Monday, January 30, 2006


THURSDAY, Jan. 26, 2006, 9:18 a.m.

(Note: This column appears in the Madison weekly Isthmus.)
By Charles Sykes

This is a cheap shot, but a lot more folks have begun noticing that Jim Doyle bears an uncanny resemblance to Richard Nixon, especially when he’s got the 5 o’clock shadow thing going.

Maybe it’s the “I am not a crook” thing after the Indian casino cash stories broke.

Or his sweaty, shifty-eyed “I am not a crook” reaction to news this week that a federal grand jury has indicted a state employee for allegedly steering a state travel contract to a company whose officials gave money to Doyle’s campaign. The grand jury is also probing links between campaign contributions and state approval of a nuclear power plant sale.

And it didn’t help when Doyle had to hand back some money linked to super-lobbyist-crook Jack Abramoff. I mean, jeez, you get a massive Republican scandal and Doyle gets caught with his hand in that cookie jar too? Can’t this guy keep his hands in his own pockets?

Even on his best days, Doyle must be starting to think he’s becoming engulfed in a perfect political storm: a national scandal guaranteeing that the media will spend months talking about ethics; weekly stories of pay-to-play in state government; his own administration being investigated by the FBI – all in the midst of a re-election campaign.

He has to wonder: Will voters start to connect the dots? Consider the roll call of political infamy involving Democrats they must consider:

Former state Senate Majority Leader Chuck Chvala convicted of felony misconduct. Former Sen. Gary George convicted of federal graft charges. Former Sen. Brian Burke convicted of felony misconduct charges. Attorney General Peg Lautenschlager busted for drunk driving in a state car.

Former Milwaukee County Executive Tom Ament driven from office after a pension scandal, Milwaukee County Board Chairwoman Karen Ordinans and seven other supervisors recalled after the same scandal. Current Milwaukee County Board Chairman Lee Holloway facing more than 90 ethics violations. Are we having fun yet?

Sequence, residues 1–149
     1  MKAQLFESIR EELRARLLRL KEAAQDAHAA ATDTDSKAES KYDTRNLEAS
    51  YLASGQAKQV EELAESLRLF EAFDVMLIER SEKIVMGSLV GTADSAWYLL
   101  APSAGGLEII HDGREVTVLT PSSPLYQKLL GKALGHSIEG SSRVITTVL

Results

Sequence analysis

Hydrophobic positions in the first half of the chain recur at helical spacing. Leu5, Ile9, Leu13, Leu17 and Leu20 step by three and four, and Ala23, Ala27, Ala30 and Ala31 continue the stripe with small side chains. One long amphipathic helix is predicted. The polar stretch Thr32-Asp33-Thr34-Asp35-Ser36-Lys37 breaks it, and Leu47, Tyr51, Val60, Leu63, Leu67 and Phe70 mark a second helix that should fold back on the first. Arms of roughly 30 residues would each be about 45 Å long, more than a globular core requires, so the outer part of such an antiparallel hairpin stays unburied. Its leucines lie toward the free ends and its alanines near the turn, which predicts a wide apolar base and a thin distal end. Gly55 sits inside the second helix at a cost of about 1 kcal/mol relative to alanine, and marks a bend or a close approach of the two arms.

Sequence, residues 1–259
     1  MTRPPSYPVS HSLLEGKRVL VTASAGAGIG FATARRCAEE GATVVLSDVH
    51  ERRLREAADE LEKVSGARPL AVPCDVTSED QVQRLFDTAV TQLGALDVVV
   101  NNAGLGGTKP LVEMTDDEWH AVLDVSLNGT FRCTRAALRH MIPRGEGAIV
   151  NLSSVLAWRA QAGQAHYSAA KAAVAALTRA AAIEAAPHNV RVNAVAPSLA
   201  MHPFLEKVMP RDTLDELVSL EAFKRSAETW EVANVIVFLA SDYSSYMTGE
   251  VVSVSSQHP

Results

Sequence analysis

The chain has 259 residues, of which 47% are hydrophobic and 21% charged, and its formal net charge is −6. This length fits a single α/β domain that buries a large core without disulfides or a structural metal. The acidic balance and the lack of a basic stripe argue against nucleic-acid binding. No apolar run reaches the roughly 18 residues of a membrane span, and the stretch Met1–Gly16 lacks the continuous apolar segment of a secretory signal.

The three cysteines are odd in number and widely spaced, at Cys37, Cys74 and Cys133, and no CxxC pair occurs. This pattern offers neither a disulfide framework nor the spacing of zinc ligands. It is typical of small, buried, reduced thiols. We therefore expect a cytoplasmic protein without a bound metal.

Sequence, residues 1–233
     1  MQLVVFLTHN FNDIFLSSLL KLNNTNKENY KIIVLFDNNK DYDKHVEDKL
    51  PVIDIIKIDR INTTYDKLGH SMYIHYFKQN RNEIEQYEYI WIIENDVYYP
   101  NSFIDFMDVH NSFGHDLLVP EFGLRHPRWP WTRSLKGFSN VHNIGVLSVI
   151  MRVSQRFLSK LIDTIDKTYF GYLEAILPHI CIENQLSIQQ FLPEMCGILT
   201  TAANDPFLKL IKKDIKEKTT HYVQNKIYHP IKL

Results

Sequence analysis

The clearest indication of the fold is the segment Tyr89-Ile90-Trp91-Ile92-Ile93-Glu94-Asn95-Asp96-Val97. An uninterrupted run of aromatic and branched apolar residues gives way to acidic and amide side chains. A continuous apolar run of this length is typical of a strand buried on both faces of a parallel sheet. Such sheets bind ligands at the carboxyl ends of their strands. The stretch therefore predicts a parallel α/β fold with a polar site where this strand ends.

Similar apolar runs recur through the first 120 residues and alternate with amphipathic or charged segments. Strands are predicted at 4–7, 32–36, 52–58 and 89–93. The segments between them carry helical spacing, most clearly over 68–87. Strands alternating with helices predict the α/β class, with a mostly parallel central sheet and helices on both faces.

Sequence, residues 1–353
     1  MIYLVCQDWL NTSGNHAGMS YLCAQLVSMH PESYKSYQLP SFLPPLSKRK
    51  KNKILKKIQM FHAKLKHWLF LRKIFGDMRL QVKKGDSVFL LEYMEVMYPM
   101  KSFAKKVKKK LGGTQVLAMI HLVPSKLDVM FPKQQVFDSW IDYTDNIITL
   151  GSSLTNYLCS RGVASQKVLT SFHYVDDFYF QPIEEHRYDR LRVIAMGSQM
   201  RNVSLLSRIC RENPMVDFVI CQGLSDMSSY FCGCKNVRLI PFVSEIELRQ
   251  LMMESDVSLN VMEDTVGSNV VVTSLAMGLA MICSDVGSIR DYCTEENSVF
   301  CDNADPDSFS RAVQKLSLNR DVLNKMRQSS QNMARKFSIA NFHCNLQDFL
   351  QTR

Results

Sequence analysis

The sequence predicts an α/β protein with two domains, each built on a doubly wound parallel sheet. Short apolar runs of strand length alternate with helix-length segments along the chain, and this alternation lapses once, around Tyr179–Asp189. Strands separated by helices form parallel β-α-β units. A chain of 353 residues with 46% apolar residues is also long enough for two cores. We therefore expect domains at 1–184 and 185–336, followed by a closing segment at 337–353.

Milwaukee Mayor John Norquist caught up in a sexual harassment scandal, leading to his resignation. Milwaukee aldermen Jeff Pawlinski, Rosa Cameron, Paul Henningsen all convicted and sentenced to federal prison for corruption. Four Democratic activists, including the sons of the former mayor and Milwaukee's Democratic Congresswoman, convicted in an election day vandalism incident.

In a normal year, this would be Doyle’s base. This year, it’s a police lineup.

So this is a particularly lousy time to have people thinking you kind of look like Tricky Dick.

What did Wisconsin do to deserve this parade of disrepute? There’s no evidence state residents have become less honest, or that our tolerance for crooked politicians has approached that of the flatlanders to the South.

So what went wrong?

The Madison-based goo-goos insist the outbreak of venality is the result of weak campaign finance laws. But maybe there is a more human explanation: too many folks with weak moral compasses have spent too long in government and lost their way.

In the past, I admit, I’ve been skeptical of term limits on grounds that they limit voters’ right to choose. But maybe it’s time to put them back on the table.

Limiting terms might slow the process by which normal, rational, intelligent, ethical people go into government and become transformed into the win-at-all-costs hacks who increasingly dominate every branch of government.

“Going native” is a bipartisan disease. Democrats become toadies for the teachers union and trial lawyers, while Republicans become lickspittles for the road builders and the ethanol lobby.

But what’s liberal about screwing kids in the central city? What’s conservative about paving the state with tax dollars? And what’s principle got to do with it, anyway?

Spend enough time in Madison and it’s all about keeping the majority (if you’re a Republican) or losing it (if you’re a Democrat.) The reason you came in the first place? Who can remember? Who cares?

And, hey, isn’t that super-lobbyist Bill Broydrick over there? And is that a big check in his pocket, or is he just happy to see me?

But what if people in government knew they were there for only a brief time? What if they had to return to the communities that sent them? What if the perks, privileges, and innumerable occasions of being sucked-up-to were temporary?

Who knows? Maybe some more of them might actually keep their heads and their wits about them and not sell their souls for the mess of pottage that passes for power and privilege in the Capitol these days.

And while we’re at it, could somebody in the press corps check to see whether Doyle has a dog named Checkers?


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